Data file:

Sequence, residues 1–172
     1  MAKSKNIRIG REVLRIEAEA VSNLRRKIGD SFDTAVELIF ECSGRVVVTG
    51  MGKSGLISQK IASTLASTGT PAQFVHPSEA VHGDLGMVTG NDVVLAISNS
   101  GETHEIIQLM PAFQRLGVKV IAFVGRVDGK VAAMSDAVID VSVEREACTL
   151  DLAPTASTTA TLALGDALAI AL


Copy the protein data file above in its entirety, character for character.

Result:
Sequence, residues 1–172
     1  MAKSKNIRIG REVLRIEAEA VSNLRRKIGD SFDTAVELIF ECSGRVVVTG
    51  MGKSGLISQK IASTLASTGT PAQFVHPSEA VHGDLGMVTG NDVVLAISNS
   101  GETHEIIQLM PAFQRLGVKV IAFVGRVDGK VAAMSDAVID VSVEREACTL
   151  DLAPTASTTA TLALGDALAI AL